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Flowing Hair Large Cent:
Chief Engraver, Henry Voigt, also designed the first One Cent coins. They are now commonly called Large Cents due to their size in comparison to the Half Cent coins. The obverse of the Large Cent displayed a representation of Miss Liberty, facing to the right. Her hair was blowing straight back, as if in a strong wind. The phrase “LIBERTY” appeared above her head and the date “1793” was below her. Her mouth and her eyes were open. The reverse of the coin depicted a chain of fifteen links. These links represented the then-current fifteen states at the time of issue for this coin. Inside the oval chain were the words “ONE CENT” and the denomination, which was expressed as “1/100”. Then surmounting the chain were the words “UNITED STATES OF AMERICA.” These original dies were cut by hand as this is late 18th century technology. Because the dies were cut by hand, the lettering was a too large for the size of the coin and “AMERICA” had to be modified to “AMERI.”
That coin is popularly known as the Chain Cent, and all of them had edges that were decorated with leaves, vines, and bars, but no lettering. The mint struck 36,103 coins and released them into circulation. The public reaction was very negative. Miss Liberty portrait was mocked but the reaction to the chain, which was meant to symbolize the unity of the then-15 United States, was highly negative. Several newspapers thought it represented and promoted slavery and was strongly criticized.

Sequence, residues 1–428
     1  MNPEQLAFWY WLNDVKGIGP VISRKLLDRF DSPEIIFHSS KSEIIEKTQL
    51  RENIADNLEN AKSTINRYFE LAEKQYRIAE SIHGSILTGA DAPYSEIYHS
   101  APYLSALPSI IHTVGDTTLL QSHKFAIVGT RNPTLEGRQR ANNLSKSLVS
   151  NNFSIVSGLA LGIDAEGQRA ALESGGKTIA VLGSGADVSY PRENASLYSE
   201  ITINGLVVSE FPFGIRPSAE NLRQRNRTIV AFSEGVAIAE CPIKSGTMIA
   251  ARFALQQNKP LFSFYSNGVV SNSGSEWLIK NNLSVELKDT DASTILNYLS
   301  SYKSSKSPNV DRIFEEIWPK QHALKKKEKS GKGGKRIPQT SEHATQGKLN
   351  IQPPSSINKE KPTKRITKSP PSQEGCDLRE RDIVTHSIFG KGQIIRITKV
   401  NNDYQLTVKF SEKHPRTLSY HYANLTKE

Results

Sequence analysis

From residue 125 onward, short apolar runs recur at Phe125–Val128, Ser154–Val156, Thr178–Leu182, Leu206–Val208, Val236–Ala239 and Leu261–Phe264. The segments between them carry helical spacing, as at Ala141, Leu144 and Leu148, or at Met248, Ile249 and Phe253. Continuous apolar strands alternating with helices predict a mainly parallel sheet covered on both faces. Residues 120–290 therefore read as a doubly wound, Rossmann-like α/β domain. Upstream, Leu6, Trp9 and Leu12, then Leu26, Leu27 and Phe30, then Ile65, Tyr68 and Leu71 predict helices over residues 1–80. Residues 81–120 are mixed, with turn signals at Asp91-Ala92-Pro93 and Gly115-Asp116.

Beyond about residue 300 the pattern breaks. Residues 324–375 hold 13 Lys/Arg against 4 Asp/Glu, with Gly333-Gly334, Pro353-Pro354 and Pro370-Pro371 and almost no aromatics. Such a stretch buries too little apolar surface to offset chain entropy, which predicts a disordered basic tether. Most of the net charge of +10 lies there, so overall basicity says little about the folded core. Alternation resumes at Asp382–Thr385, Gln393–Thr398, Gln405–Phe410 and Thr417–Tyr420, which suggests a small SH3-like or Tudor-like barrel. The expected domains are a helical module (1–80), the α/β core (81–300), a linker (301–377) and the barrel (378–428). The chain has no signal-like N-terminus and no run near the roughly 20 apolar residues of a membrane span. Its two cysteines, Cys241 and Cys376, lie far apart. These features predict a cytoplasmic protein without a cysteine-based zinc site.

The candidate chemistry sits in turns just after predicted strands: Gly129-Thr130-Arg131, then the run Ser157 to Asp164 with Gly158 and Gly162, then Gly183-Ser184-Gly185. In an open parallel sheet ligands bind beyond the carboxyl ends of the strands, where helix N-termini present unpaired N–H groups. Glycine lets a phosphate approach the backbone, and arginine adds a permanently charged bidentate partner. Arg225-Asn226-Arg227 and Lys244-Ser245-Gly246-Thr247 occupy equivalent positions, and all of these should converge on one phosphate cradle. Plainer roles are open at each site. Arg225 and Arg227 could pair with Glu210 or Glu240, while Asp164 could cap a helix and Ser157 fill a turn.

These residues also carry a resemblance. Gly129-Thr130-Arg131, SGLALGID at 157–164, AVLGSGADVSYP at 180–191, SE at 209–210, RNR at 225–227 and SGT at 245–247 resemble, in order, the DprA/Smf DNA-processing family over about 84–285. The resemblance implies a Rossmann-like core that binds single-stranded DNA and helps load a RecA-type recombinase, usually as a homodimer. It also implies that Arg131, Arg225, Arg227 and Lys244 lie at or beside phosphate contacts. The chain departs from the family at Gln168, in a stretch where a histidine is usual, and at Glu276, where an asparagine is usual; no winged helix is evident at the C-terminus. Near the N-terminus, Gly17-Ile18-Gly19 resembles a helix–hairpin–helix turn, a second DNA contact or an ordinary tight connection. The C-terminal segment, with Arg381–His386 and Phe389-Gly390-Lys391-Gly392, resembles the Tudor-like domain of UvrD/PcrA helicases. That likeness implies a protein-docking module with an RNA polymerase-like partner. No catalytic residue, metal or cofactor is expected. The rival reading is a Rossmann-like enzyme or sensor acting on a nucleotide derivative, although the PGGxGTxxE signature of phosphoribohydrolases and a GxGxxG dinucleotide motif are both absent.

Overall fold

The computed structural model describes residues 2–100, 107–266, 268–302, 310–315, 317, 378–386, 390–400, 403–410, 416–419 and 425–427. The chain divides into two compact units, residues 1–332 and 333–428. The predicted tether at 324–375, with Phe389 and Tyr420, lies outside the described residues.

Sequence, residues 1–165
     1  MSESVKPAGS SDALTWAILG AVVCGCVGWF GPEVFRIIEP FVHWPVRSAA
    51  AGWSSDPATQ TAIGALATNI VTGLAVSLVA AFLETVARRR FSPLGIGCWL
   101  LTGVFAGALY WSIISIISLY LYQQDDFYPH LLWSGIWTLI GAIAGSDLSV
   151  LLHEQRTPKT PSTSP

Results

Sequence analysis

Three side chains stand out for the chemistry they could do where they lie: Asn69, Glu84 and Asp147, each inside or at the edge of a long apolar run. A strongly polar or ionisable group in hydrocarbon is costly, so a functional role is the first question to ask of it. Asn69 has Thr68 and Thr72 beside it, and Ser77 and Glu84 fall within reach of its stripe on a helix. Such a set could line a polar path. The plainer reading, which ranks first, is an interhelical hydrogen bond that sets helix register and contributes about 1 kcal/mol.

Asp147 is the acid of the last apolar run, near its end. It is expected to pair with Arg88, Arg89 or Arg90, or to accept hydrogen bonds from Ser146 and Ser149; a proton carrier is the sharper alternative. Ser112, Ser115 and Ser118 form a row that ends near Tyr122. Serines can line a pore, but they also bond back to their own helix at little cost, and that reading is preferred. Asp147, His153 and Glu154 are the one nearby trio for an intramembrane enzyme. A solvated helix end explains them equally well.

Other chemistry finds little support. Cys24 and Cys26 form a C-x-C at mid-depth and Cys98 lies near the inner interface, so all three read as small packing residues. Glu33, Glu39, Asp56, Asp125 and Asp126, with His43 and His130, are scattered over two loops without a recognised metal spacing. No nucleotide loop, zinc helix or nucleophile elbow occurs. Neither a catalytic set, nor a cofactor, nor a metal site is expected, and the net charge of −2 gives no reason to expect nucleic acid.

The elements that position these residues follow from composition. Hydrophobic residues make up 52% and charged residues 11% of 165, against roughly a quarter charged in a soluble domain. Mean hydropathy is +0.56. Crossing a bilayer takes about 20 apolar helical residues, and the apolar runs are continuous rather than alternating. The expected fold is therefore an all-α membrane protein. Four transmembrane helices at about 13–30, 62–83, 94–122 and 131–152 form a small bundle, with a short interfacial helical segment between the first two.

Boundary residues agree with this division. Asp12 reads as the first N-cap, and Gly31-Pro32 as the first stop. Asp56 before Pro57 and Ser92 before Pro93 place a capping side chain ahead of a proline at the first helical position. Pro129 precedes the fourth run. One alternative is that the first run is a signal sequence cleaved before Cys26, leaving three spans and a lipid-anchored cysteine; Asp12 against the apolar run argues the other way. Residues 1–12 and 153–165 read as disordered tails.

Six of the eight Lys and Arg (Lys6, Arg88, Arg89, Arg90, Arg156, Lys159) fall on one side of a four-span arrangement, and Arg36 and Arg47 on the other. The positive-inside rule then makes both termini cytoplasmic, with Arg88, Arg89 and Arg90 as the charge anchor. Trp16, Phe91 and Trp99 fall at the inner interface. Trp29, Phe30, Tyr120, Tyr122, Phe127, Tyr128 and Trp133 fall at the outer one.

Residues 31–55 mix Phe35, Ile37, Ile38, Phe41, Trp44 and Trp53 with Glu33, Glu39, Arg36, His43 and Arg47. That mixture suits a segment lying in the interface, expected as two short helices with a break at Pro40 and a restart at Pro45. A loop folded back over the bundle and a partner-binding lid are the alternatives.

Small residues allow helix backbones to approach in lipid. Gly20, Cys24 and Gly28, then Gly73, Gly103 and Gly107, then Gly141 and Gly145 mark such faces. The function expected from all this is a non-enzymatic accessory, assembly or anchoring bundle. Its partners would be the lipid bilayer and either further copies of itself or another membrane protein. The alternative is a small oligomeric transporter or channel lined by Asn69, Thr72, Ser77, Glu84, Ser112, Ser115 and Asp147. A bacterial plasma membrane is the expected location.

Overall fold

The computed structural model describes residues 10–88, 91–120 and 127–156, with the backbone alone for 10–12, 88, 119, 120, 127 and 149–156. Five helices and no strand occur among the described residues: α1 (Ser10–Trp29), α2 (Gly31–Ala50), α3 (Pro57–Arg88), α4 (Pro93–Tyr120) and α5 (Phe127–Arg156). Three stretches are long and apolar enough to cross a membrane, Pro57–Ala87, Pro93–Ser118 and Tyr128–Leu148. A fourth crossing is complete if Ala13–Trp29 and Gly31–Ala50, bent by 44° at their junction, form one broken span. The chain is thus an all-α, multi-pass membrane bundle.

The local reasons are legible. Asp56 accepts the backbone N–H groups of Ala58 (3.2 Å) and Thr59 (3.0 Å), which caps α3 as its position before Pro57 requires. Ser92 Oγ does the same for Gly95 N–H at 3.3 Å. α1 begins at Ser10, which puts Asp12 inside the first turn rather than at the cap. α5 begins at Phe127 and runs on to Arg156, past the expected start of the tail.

Voigt responded to the criticism and redesigned Miss Liberty’s features to be smoother and less harsh. The reverse had also been completely changed. He scrapped the chain idea and instead created a wreath of laurel leaves. The denomination was placed inside the wreath. Both the obverse and reverse of the coin were adorned with borders of small beading. There are about 15 known varieties of the Wreath Cent, and the rarest variety with only 4 known examples is the "Strawberry Leaf" coin.
Between 1793 and 1796 Voight redesigned the coins once again, this time creating a gentler Miss Liberty with a liberty pole and cap behind her. There are also numerous variations in these coins as well. But the Chain Cent and Wreath Cent have earned their place in numismatic history and have been widely collected since the 1850s.